Project & Resources Table of Contents Project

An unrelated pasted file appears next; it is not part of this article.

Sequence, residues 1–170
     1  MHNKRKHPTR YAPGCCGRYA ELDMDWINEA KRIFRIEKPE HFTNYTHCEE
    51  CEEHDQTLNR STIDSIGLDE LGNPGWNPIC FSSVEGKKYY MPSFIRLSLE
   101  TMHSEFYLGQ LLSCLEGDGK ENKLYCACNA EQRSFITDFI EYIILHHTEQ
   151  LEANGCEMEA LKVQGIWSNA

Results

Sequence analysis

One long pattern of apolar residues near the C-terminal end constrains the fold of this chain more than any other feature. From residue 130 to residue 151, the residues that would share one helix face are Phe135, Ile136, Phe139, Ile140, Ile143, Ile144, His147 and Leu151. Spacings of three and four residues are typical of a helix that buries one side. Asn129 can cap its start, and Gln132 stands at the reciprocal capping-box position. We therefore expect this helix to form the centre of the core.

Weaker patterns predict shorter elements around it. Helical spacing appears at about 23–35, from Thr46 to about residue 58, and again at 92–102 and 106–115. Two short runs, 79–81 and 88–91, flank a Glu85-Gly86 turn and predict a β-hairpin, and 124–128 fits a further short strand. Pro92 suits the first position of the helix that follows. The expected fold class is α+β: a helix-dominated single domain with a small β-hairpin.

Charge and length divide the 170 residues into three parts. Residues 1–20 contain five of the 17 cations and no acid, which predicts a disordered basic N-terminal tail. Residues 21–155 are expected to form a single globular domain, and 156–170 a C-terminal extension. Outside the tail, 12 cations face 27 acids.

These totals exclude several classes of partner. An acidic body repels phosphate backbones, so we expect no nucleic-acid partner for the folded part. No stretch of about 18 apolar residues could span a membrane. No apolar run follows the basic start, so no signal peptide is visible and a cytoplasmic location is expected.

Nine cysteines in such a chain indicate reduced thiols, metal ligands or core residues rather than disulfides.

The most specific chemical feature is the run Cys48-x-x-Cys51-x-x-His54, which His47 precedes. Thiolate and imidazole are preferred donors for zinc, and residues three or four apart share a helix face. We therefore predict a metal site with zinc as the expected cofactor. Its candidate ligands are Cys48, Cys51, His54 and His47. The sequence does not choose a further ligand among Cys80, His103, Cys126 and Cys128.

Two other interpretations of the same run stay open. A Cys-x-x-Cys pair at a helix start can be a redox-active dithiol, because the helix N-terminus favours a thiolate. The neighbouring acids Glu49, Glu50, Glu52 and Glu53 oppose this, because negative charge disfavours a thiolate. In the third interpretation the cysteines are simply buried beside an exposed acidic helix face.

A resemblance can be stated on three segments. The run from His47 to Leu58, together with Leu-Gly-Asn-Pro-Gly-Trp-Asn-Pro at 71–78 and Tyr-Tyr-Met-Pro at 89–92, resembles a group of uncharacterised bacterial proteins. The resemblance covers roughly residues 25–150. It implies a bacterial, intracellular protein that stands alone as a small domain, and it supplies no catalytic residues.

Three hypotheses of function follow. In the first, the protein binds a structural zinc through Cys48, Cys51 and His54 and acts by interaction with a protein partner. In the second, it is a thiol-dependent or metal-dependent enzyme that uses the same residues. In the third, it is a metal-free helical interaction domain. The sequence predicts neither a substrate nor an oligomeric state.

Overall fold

MAT-20037-XA121 Solve Problems with Math 2… Project & Resources Table of Contents Project Announcements Discussions Project Results JG FAQs Calendar Support Tools Project Instruc!ons Project Instruc!ons Listen # ” ! Competency In this project, you will demonstrate your mastery of the following competency: Solve prac!cal problems using basic mathema!cal calcula!ons Scenario You work for OneEarth, an environmental consul!ng company that specializes in building condi!on assessments, contaminated site remedia!on, and energy audits. Founded by an environmentally concerned ci!zen in 2010, OneEarth has emerged as the highest-quality and most comprehensive environmental services company in the region. Southern New Hampshire University (SNHU), a private nonprofit university located in Manchester, New Hampshire, in the United States, is dedicated to reducing its carbon footprint. SNHU has approached OneEarth for its assistance and exper!se in achieving this goal. Knowing of your desires to diversify your experience and professional por”olio, : your manager, Claire DeAir, has consented for you to join the team working with SNHU. You’re responsible for crea!ng a technical report based on an analysis of the data the onsite team has collected over the last few weeks to determine the cost-effec!veness of SNHU adop!ng solar energy. Direc!ons You’ve been asked to recommend whether or not SNHU should install solar energy panels on one of its buildings in Manchester, New Hampshire, to reduce the university’s carbon footprint. Using the data in the SNHU Site Data document in the Suppor!ng Materials sec!on, you will conduct a series of calcula!ons. With those calcula!ons, you will create a technical report for SNHU that explains whether the university should invest in solar energy by purchasing the system or by leasing. Your technical report should include the following calcula!ons and determina!ons: A calcula!on of the total electricity output of a solar panel system in kilowa”s hours (kWh) Use the following steps as a guide to making this calcula!on: How many panels fit on the roof, assuming the building is rectangular? (To make this determina!on, determine the number of panels that can fit along one side, and the number of rows of panels that can fit along the opposite side. Round down to the nearest whole number of panels in each direc!on and mul!ply to obtain the required number of panels.) What are the dimensions of the building’s roof in meters? What are the dimensions of each solar panel in cen!meters? (To convert from inches to cen!meters, mul!ply the dimensions in inches by 2.54 and do not round un!l the last step of the calcula!on.) Find the number of meters for each dimension. How many panels will fit on the roof in each direc!on? Round down to the nearest panel. When calcula!ng the number of panels, be sure that when you change from length to width on the roof, you also change from length to width on the panels. Find the area of the panels in meters to make sure that the area of the panels is less than the area of the roof. What is the total amount of electricity that could be produced by adop!ng a solar panel system that covers the en!re roof based on the average monthly sunlight? (1kW = 1000W, and 1 hour of sunlight produces 400 wa$s per panel) How many kW per hour of sunlight could be produced per solar panel? Per en!re system (based on how many panels could fit on the roof)? How many hours of sunlight are expected on average per month? Calculate the average hours based on the monthly data provided. Round down to the nearest tenth of an hour. What is the likely average amount of kWh produced per panel based on the average amount of sunlight per month? Per year? Round to the nearest hundredth kWh. What is the total amount of kWh that is produced by the en!re solar panel system per month based on the average monthly sunlight? Per year? A calcula!on of the difference between the current electricity usage of the building and the electricity : generated by a solar panel system in kilowa” hours and in dollars generated by a solar panel system in kilowa” hours and in dollars Use the following steps as a guide to making this calcula!on: How much electricity does the building use on average annually? What is the es!mated total amount of kWh produced by the en!re solar panel system on this building per year, based on the average monthly sunlight for the area? Based on the average cost of electricity in the area, about how much is the annual electricity cost for the SNHU building? Is the amount of electricity generated by the solar array sufficient to cover SNHU’s yearly electricity usage? If not, what is the remaining energy needed in kW? How much would this cost in dollars? In other words, what is the remaining u!lity bill? If the energy generated is more than the energy needed to run the building, how much addi!onal savings is there for energy that can be channeled to other buildings on campus or sold back to the energy company? A determina!on of the likelihood of receiving a damaged panel SNHU expressed some concerns about receiving damaged solar panels from the manufacturer. You would like to be transparent and address these concerns by illustra!ng the likelihood of a damaged panel based on the size of the system SNHU would be purchasing. The manufacturer has reported that since solar panels are complex and evolving technology, 1 out of every 1,000 manufactured solar panels is defec!ve. How many panels fit on the roof? What is the probability or likelihood that SNHU will receive a damaged solar panel, based on the number of panels it would be purchasing? A determina!on of how long it would take to pay back the cost of buying the system in years Use the following steps as a guide to making this calcula!on—you can assume there will not be any required maintenance during the first 10 years: What would be the upfront cost to purchase and install the solar panel system? How much does each panel cost? How much does the en!re system cost? How much does installa!on cost? What are the government incen!ves? How does that affect the cost? What is the remaining u!lity cost, if there is one? How much will your solar panels save SNHU per year? How long would it take to pay back the cost of purchasing the solar panel system in years? (Years = Cost to Purchase and Install Solar Panel System / Savings Per Year) The !me in years should take into account all : energy savings, not just those for the building on which the solar array is installed. energy savings, not just those for the building on which the solar array is installed. A determina!on of whether there is a cost savings over 10 years for leasing the solar panel system Use the following steps as a guide to making this calcula!on: What is the total cost without solar for 10 years, in dollars? What is the total cost with solar for 10 years, in dollars? How much does it cost to rent the en!re solar panel system? What is the total remaining u!lity bill for 10 years? What are the 10-year savings? (Cost Without Solar for 10 Years – (Cost of Solar Panel Rental for 10 Years + Remaining U!lity Bills for 10 Years) = Total 10-Year Saving) A recommenda!on for whether SNHU should install solar energy panels on its buildings based on your calcula!ons An explana!on of whether SNHU should invest in a solar energy system by purchasing it upfront or by leasing it (Base your response on your calcula!ons.) What to Submit Every project has a deliverable or deliverables, which are the files that must be submi$ed before your project can be assessed. For this project, you must submit the following: Technical Report (1,000–1,500 words) Using the data provided in the SNHU Site Data document in the Suppor!ng Materials sec!on, you will conduct a series of calcula!ons. Your computa!ons will inform your recommenda!ons. First, you will determine whether or not SNHU should adopt solar panels. Then, you will explain whether or not SNHU should purchase or lease a solar panel system. Specifically, you will reference and incorporate the energy output of a solar panel system, the difference between current usage and the energy generated by the system, the likelihood of a damaged panel, the costs to pay for the system, and any savings for leasing a panel. Your proposi!on should be informed and supported by your calcula!ons. You can include visual and graphical elements in your report to illustrate your proposi!ons. Suppor!ng Materials The following resource(s) may help support your work on the project: Cita!on Help Need help ci!ng your sources? Use the CfA Cita!on Guide and Cita!on Maker. SNHU Site Data This document contains the data that OneEarth’s onsite team has collected over the last few weeks to determine the cost-effec!veness of SNHU adop!ng solar energy. : Informa!on on Solar Energy Informa!on on Solar Energy Website: All About Solar Energy Use this resource to learn more about everything you would need to know about solar energy. Reading: Solar Energy In this Shapiro Library resource, you can explore solar energy. Reflect in ePor!olio Download Print Open with docReader Ac”vity Details Task: View this topic : Read all about your project here. This includes the project scenario, direc!ons for comple!ng the project, a list of what you will need to submit, and suppor!ng materials that may help you complete the project. Building Location Manchester, New Hampshire 03101 United States of America Building Roof Dimensions: 60 m x 30 m Roof Assessment of the Building The engineering team has inspected the roof and determined:   There are no obstructions on the roof; therefore, the panels can be placed close together. The building is structurally sound and can hold more than 15 kg per square meter of weight. Expected Hours of Sunlight in Manchester, NH (by Month) January February March April May June 163 168 214 227 267 287 July August September October November December 301 277 237 206 143 142 Electricity Usage for the Building Average Electricity Usage (kWh) Annually: 271,253 kWh National Average Cost of Electricity: $0.165 per kWh Note: This is a projection of the building’s energy use over the next 10 years based on the assumption that there will not be a drastic increase or decrease during that period. Solar Panels Size and Weight: 80 in x 40 in x 2 in; 50 lbs Watts: 400 Amps: 9.86A Volts: 40.6 DC Cost: $560.00 per panel Purchasing a Solar Panel System for the Building: Installation: $0.75 per watt Incentives: If you purchase the system upfront, you will receive a 30% discount on the total cost of the panels and the installation. Leasing / PPA a Solar Panel System for the Building Upfront Cost: $0.00 Monthly Payment (Including Savings): $97.00 per panel Remaining Utility Bill: $20/month Duration: 20 years Incentives: Assume that SNHU does not qualify for leasing incentives. ! Chat 24/7 with a Librarian ask@snhu.libanswers.com 844.684.0456 (toll free) Carbon Footprint. Authors: Droujkova, Maria Source: Salem Press Encyclopedia of Science, 2019. 3p. Document Type: Article Subject Terms: Ecological impact Ecology Environmental responsibility Abstract: Carbon footprint is intended to be a measure of the ecological impact of people or events. It is a calculation of total emission of greenhouse gases, typically carbon dioxide, and is often stated in units of tons per year. There is no universal mathematical method or agreed-upon set of variables that are used to calculate carbon footprint, though scientists and mathematicians estimate carbon footprints for individuals, companies, and nations. Many calculators are available on the Internet that take into account factors like the number of miles a person drives or flies, whether or not he or she uses energy efficient light bulbs, whether he or she shops for food at local stores, and what sort of technology he or she uses for electrical power. Some variables are direct, such as the carbon dioxide released by a person driving a car, while others are indirect and focus on the entire life cycle of products, such as the fuel used to produce the vegetables that a person buys at the grocery store and disposal of packaging waste. Full Text Word Count: 1578 Accession Number: 89404314 Database: Research Starters Carbon Footprint Listen American Accent Fields of Study: Fields of Study: Algebra; Data Analysis and Probability; Measurement; Representations. Summary: A carbon footprint is a mathematical calculation of a person’s or a community’s total emission of greenhouse gases per year. Carbon footprint is intended to be a measure of the ecological impact of people or events. It is a calculation of total emission of greenhouse gases, typically carbon dioxide, and is often stated in units of tons per year. There is no universal mathematical method or agreed-upon set of variables that are used to calculate carbon footprint, though scientists and mathematicians estimate carbon footprints for individuals, companies, and nations. Many calculators are available on the Internet that take into account factors like the number of miles a person drives or flies, whether or not he or she uses energy efficient light bulbs, whether he or she shops for food at local stores, and what sort of technology he or she uses for electrical power. Some variables are direct, such as the carbon dioxide released by a person driving a car, while others are indirect and focus on the entire life cycle of products, such as the fuel used to produce the vegetables that a person buys at the grocery store and disposal of packaging waste. : The notion of a carbon footprint is being considered in a wide range of areas, including the construction of low-impact homes, offices, and other buildings. The design must take into account not only the future impact of the building in terms of carbon emissions, but carbon-related production costs for the materials, labor, and energy used to build it. Mathematical modeling and optimization helps engineers and architects create efficient, useful, and sometimes even beautiful structures while reducing the overall carbon footprint. Mathematicians are also involved in the design of technology that is more energy efficient, as well as methods that allow individuals and businesses to convert to electronic documents and transactions rather than using paper. These methods include using improved communication technology, faster computer networks, improved methods for digital file sharing and online collaboration, and security protocols for digital signatures and financial transactions. Manufacturers are increasingly being urged and even required to examine their practices, since manufacturing processes produce both greenhouse gasses from factory smokestacks and waste heat. Mathematicians and scientists are working on ways to recycle much of this heat for power generation. One proposed device combines a loop heat pipe, which is a passive system for moving heat from a source to another system, often over long distances, with a Tesla turbine. Patented by scientist and inventor Nikola Tesla, a Tesla turbine is driven by the boundary layer effect rather than fluid passing over blades as in conventional turbines. It is sometimes called a Prandtl layer turbine after Ludwig Prandtl, a scientist who worked extensively in developing the mathematics of aerodynamics and is credited with identifying the boundary layer. These are in turn related to the Navier–Stokes equations describing the motion of fluid substances, named for mathematicians Claude-Louis Navier and George Stokes. The Navier–Stokes equations are also of interest to pure mathematics, since many of their mathematical properties remain unproven at the beginning of the twenty-first century. Carbon Footprints of People A calculation of the carbon footprints of different aspects of people’s lives, and then the aggregate for a year, is always an estimate. For example, different towns use different methods for generating electricity. Entering data for an electric bill allows for a rough estimate of the household’s carbon footprint, but not exact numbers, which would depend on the electricity generating methods. Houses contribute to carbon footprints through their building costs, heating and cooling, water filtration, repair, and maintenance—all of which use products with carbon footprints. Travel is another major contributor to peoples’ carbon footprints. Daily commutes and longer trips with any motorized transportation contribute to carbon dioxide emissions. When computing carbon footprints, fuel production and storage costs have to be taken into consideration. A man rides a bicycle to work in an effort to reduce his carbon The food that people eat contributes to the carbon footprint if it is transported by motorized vehicles before footprint. By David Dennis being eaten. The movement of locavores (people who eat locally grown foods) aims to minimize the Scotts Valley, CC BY-SA 2.0 carbon footprint of food. Also, different farming practices may contribute more or less to the carbon (http://creativecommons.org/licenses/bysa/2.0), via Wikimedia footprint of food. Commons The objects people use contribute to their carbon footprints. Recycling and reusing reduces the need for landfills, waste processing, and waste removal, all of which have carbon footprints. There are individuals and communities who avoid waste entirely; several countries, such as Japan, have plans to mandate zero-waste practices within the next few decades. Economy and Policy There are two main strategies for addressing carbon footprints. The first strategy is to lower the carbon footprint by modifying individual behaviors, such as traveling by bike, eating locally, and recycling. The second strategy is to perform activities with negative carbon footprints, such as planting trees, to match carbon footprints of other activities. Some companies incorporate activities that offset the carbon footprint of their main production into their business plans, either lowering their profit margins or passing the cost to their customers. There are economic laws and proposals that attempt to integrate carbon footprint considerations into the economy, usually through taxes on use of fuel, energy, or emissions. Carbon dioxide emissions, in economic terms, are a negative externality (a negative effect on a party not directly involved in the economic transaction). Money collected through carbon taxes is : generally used to offset the cost to the environment. Emissions trading is another mathematics-rich area of dealing with carbon footprints economically. Governments can sell emission permits to the highest-bidding companies, matching their carbon footprints, and capping the total emission permits sold. This method allows prices of permits to fluctuate with demand, in contrast with carbon taxes in which prices are fixed and the quantities of emissions can change. Economists model the resulting behaviors, and advise policymakers based on the models’ outcomes. Marginal Abatement Cost Curve “Marginal cost” is an economic term that means the change of cost that happens when one more unit of product is made, or unit of service performed. For physical objects, the curve is often U-shaped. The first units produced are very costly because their cost production involves setting up the necessary infrastructure. As more units are produced, and the infrastructure is reused, the price goes down until the quantities of production reach such levels that the logistic difficulties drive the price per additional units higher again. A marginal abatement curve shows the cost of reducing emissions by one more unit. These curves are usually graphed in percents. For example, such a curve can be a straight line, with the cost of eliminating the first few percent of e…